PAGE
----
You might want to consider acquiring visual thinking skills before you have the onset of possible cognitive impairment as you age.
Click on the mind map image to expand.
To understand the mind map better from the clinical experiences of the patient, family, and healthcare providers, you may wish to …
view this trailer …
or this excerpt
Search the Internet to buy the whole video or the book as pictured below …
The book and the video have complementary information and both should be studied.
Aaahh … “hard science double-blind” research designs.
How do you apply such a design to determine if visual thinking-art therapy-visual cognitive remapping strategies help those who live with cognitive impairment? Do you put a paper bag over the head of the patient and over the head of the healthcare provider-art therapist-social worker? Or blind them.
I don’t think so. Even scientists who bow to the Science God (often noting the relationship to Thor) are not that dum or stoopid. Scientists willing to accept “softer” data and designs like clinical observations, case studies, interviews, and knowledgeable peer judgments are willing to accept the relationship found for some people showing mind mapping is an effective (and cost-effective) way of making some situations less stressful and more productive and life quality enhancing for those living with cognitive impairment.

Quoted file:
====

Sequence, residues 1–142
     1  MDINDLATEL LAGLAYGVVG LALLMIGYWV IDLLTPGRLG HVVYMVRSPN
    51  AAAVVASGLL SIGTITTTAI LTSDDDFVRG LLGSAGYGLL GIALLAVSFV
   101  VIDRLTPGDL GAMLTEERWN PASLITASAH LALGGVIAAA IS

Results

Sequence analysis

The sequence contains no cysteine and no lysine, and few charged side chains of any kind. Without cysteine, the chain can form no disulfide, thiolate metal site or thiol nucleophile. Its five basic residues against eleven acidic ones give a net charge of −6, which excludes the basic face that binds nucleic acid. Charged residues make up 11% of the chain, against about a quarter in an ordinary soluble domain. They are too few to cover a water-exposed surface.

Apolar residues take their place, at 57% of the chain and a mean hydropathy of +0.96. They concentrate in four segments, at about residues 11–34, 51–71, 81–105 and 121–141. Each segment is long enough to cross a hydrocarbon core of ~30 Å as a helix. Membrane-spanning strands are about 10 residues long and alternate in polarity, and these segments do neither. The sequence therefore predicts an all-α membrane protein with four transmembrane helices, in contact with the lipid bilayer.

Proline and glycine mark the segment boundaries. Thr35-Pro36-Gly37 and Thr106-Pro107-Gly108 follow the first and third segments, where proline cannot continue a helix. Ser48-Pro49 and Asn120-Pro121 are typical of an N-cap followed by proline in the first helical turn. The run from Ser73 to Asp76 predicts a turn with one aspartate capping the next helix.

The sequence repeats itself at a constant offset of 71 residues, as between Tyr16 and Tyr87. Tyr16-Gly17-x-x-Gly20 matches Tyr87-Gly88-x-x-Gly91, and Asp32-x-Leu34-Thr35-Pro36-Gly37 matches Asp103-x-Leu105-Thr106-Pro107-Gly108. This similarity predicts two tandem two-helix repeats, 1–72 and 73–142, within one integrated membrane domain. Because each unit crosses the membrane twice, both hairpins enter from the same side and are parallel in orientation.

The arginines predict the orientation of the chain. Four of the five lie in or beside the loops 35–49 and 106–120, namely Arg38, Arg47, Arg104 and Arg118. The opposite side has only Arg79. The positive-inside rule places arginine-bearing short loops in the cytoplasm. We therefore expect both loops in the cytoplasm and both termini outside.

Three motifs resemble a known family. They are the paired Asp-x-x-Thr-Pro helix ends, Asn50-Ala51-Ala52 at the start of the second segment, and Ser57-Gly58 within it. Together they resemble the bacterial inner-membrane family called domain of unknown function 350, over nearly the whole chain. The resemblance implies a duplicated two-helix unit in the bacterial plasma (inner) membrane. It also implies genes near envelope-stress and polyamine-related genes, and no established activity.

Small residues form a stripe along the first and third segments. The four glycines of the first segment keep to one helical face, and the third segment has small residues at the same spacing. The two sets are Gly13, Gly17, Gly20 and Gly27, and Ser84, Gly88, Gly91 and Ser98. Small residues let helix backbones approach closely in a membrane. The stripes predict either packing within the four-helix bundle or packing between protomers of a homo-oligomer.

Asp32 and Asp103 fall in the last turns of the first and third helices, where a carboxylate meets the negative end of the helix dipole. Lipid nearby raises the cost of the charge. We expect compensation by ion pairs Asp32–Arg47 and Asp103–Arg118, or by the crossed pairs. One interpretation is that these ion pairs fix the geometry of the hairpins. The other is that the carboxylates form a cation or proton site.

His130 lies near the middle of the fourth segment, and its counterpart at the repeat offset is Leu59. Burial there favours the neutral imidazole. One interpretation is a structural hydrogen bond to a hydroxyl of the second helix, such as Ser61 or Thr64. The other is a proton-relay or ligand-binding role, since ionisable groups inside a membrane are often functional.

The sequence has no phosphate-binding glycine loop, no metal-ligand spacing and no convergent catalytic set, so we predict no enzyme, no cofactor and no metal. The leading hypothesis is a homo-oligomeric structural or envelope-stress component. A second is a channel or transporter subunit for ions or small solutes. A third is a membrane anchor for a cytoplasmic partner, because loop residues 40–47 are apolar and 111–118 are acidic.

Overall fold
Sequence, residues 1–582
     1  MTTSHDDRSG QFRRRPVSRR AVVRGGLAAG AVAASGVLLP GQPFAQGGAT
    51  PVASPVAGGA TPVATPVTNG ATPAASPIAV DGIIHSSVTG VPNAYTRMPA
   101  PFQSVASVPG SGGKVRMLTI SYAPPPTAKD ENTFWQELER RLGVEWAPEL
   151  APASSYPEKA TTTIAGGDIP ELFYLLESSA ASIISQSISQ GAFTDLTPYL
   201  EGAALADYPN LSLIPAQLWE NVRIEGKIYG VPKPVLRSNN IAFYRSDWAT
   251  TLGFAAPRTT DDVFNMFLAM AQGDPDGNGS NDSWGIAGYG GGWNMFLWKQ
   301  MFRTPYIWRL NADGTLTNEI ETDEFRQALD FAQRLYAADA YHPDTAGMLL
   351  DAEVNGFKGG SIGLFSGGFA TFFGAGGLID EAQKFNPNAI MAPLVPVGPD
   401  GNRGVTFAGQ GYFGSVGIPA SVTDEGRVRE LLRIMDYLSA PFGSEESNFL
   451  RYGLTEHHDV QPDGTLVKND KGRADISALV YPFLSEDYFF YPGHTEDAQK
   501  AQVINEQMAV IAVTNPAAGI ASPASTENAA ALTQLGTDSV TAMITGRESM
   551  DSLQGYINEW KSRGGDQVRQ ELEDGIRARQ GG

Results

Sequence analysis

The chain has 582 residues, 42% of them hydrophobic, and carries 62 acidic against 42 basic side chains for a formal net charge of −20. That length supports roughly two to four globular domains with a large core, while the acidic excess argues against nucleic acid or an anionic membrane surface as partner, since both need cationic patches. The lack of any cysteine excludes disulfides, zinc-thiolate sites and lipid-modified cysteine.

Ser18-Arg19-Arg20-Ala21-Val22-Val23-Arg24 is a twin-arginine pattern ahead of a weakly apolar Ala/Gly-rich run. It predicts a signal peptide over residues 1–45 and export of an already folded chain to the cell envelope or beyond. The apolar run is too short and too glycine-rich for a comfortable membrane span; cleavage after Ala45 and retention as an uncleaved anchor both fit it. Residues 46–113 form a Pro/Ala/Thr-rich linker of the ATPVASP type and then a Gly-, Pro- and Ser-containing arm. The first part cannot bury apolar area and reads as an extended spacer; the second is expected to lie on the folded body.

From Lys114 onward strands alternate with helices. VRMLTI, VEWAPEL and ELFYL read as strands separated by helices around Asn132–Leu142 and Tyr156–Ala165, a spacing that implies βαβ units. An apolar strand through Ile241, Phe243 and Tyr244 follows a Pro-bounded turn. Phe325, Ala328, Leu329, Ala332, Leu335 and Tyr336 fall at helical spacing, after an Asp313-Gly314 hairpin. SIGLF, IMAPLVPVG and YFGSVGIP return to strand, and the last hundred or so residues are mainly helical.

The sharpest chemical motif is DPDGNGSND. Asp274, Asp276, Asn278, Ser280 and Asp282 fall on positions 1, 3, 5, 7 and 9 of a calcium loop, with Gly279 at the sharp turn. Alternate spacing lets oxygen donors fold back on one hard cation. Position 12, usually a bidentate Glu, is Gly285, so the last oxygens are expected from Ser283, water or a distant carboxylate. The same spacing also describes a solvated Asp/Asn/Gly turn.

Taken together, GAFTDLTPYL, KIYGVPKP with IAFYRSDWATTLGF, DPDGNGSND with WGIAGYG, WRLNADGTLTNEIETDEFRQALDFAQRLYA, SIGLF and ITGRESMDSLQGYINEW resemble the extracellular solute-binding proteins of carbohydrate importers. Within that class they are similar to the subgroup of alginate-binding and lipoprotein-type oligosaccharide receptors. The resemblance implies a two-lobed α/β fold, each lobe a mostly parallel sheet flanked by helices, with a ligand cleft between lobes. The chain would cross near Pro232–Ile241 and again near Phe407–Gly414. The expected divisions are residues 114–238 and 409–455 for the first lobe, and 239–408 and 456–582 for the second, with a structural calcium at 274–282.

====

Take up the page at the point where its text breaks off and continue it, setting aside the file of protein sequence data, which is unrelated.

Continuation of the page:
However, try searching the scientific literature with Google or PubMed for studies of mind mapping and cognitive impairment-dementia. Not a lot of “hard science” results to be found. I see this not as a failure of the efficacy of the method of mind mapping but rather the fact that the brick walls of hard science are not broken down by the sound of trumpets or the roar of a lion. There is a missing link and probably many studies that indirectly demonstrate that mind mapping works well with cognitively impaired patients but are not labeled as such.
Last week I read what I judge to be a highly credible and careful study by two neurologists and an art therapist that was published in April 2014. I think they found the missing link and data supporting it, although they did not call the intervention technique mind mapping for those with cognitive impairment. Instead they called the intervention-life skill to be ART THERAPY for those with Alzheimer’s disease and other dementias.